As I understand my hon. Friend's legislation, if the building society where that account was opened is the subject of a bid, only the first named account holder would benefit from the bonus for the recognition of equity interest that that account represents. It may be a coincidence as to which of the individuals involved in that joint account--
I turn to subsection (3)(b), which covers the case where a wife may have been the first named account holder for part of the period of the joint account. For example, a
Column 1092wife and a husband may change the order in which the names appear on the account--Mr. and Mrs. could become Mrs. and Mr.; but it is more likely that John and Joan would become Joan and John. Therefore, both will have been the second named account holder at some stage. In that case, the subsection provides that the one who is the first named holder for the later part of the period will have priority. However, if the later first named holder has not held shares for the two-year qualifying period and the second named holder has, the latter would benefit.
Subsection 4 is a provision that was added to the original Bill on Report in the House of Lords in response to suggestions made by Lord Eatwell. It is the provision relating to orphans that my hon. Friend mentioned a moment ago, and I welcome it. For the sake of clarity I shall briefly explain the background again.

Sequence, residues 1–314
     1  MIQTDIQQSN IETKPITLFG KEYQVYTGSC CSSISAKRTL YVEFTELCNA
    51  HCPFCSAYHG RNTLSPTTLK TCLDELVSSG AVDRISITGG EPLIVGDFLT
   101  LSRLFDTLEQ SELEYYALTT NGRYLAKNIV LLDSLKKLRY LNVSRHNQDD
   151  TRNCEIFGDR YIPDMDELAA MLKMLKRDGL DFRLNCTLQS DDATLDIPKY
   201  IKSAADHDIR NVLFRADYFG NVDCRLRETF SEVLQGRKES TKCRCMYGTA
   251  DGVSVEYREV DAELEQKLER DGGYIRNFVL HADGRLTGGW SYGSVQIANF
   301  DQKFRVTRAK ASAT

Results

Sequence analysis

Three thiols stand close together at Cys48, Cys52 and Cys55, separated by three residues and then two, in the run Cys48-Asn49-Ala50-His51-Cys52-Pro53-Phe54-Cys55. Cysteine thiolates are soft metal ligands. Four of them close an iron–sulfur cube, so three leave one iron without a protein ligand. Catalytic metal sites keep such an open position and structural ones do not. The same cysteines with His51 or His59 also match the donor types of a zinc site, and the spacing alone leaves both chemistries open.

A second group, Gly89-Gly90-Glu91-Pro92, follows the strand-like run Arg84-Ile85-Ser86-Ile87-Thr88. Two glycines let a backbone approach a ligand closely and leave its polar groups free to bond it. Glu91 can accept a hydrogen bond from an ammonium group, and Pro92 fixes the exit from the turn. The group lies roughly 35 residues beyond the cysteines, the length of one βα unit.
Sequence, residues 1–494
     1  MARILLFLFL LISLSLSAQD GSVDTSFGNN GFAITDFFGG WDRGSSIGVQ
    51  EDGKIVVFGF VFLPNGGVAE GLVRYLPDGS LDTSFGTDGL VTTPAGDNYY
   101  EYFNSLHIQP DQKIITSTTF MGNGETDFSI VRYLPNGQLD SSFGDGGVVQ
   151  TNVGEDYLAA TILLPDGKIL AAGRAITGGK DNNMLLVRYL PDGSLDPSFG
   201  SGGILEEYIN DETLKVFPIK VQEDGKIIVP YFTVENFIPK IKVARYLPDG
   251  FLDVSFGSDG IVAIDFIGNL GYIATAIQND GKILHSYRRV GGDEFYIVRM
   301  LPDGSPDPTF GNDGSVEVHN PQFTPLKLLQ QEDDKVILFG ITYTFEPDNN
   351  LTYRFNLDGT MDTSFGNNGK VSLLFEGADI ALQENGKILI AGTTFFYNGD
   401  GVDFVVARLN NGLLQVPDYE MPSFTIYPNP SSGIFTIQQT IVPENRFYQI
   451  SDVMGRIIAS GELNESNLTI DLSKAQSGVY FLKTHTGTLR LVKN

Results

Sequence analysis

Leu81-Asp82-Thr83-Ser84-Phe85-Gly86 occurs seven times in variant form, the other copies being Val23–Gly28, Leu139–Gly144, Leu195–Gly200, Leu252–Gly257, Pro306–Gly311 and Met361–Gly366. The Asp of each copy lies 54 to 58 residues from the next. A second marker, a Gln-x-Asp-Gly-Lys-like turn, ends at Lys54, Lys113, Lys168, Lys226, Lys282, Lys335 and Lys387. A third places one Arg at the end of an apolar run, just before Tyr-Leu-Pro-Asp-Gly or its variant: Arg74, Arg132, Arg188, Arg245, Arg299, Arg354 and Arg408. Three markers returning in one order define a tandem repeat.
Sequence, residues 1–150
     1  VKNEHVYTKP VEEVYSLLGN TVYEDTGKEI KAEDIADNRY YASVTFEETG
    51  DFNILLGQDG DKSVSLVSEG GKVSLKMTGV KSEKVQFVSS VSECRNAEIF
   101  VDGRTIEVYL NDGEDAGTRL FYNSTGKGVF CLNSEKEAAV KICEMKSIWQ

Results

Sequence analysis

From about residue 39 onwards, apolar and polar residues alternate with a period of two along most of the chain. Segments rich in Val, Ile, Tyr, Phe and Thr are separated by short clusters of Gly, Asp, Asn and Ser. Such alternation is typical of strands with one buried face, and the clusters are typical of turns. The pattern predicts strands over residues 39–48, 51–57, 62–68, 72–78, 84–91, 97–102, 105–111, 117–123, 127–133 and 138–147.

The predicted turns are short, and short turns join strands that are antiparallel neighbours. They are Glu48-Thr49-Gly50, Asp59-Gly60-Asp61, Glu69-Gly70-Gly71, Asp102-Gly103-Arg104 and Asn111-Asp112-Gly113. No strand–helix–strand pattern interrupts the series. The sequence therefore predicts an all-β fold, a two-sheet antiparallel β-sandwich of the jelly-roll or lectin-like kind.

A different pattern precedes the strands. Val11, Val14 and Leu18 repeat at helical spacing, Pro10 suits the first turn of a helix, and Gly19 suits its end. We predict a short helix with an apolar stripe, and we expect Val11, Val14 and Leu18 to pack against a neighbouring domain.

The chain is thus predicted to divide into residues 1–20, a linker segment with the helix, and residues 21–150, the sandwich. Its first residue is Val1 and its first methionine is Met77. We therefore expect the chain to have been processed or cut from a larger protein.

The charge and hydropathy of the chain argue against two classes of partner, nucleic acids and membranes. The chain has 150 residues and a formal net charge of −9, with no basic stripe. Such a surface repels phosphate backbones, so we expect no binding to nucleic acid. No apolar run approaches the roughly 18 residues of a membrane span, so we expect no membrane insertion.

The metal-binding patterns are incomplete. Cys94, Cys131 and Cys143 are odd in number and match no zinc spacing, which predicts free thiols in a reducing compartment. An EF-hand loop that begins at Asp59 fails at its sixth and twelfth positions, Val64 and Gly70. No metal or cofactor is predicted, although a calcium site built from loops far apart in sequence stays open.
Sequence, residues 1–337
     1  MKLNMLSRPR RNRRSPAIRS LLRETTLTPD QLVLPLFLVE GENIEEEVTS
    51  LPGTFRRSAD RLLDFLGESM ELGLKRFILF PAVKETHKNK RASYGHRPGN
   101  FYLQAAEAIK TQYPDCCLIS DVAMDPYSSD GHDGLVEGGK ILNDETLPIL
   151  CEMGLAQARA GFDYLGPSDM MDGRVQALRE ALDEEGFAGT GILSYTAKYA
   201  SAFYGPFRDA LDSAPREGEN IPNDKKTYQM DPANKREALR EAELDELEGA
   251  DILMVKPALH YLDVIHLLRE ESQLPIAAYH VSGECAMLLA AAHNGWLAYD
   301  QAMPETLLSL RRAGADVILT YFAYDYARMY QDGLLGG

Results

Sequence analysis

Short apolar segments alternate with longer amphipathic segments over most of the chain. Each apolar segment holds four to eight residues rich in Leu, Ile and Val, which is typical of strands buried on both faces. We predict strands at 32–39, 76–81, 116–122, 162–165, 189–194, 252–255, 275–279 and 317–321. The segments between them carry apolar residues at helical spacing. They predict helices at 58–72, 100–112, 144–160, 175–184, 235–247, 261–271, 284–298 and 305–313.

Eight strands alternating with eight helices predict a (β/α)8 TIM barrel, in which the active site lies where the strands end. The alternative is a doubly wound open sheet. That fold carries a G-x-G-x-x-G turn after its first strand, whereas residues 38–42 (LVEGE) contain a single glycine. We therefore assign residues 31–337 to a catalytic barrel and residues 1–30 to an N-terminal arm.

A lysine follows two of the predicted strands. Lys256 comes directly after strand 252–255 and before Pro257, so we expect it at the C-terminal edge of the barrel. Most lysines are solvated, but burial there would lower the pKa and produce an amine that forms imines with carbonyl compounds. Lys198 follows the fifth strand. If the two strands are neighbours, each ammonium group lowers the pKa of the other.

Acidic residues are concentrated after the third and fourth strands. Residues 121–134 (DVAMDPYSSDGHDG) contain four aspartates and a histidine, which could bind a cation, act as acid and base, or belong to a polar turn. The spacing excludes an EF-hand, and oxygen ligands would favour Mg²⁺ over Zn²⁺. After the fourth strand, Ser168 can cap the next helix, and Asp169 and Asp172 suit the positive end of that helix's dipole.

The measure deals with cases of multiple accounts held by a mother, a father and a child. When both parents die--it is deliberately limited to circumstances of death alone--the child account holder moves up to fill the space, and is allotted a position as if he or she had been the second named account holder. Effectively, it regards the two parents as one account holder and the child as the second named account holder, although the child's name may appear third. For that reason, in those circumstances, the account qualifies for distribution.
Hon. Members will realise from that that there are many variations and permutations, and I do not want to trouble the House with any more of them. Those who enjoy the minutiae will find much to savour in the speech of Lord Henley, in column 915 of the Lords Hansard of 15 March. Indeed, there was a suggestion that his Lordship's speech should become a schedule to the Bill. I have drawn on it fairly heavily, although I suspect that it is not necessary for it to become a schedule. However, it is there to be read, and I am grateful to those who drafted it for bringing clarity to what the House can see is a complex matter.
Mr. Nigel Evans (Ribble Valley): If three people held the same account--mum, dad and a son--and the mother and father separated and then the mother, for whatever reason, died, would the son automatically become the first named account holder?
Mr. French: I think that in that case, if I understand the facts correctly--I would be happy for others to put their thinking caps on, because we are dealing with highly technical issues--the son would qualify in those circumstances if the father did not. I believe that that is right, but it is worth spending some time on such matters. Perhaps the Minister of State may wish to turn his attention to such examples when he speaks to us later.
I am deeply conscious that neither the new clause nor my original Bill attempts to cover every anomaly. Some have been mentioned, and in all fairness I should mention a few of the others. Obviously, the Bill does not cover cases in which there has been no continuity of saving through the two years. I never believed that it should do that, because the two-year requirement recognises loyalty, which is a sound principle.
Borrowers are not covered, either--that is a whole debate on its own, in which I suggest the House should not become involved today, if it wishes to complete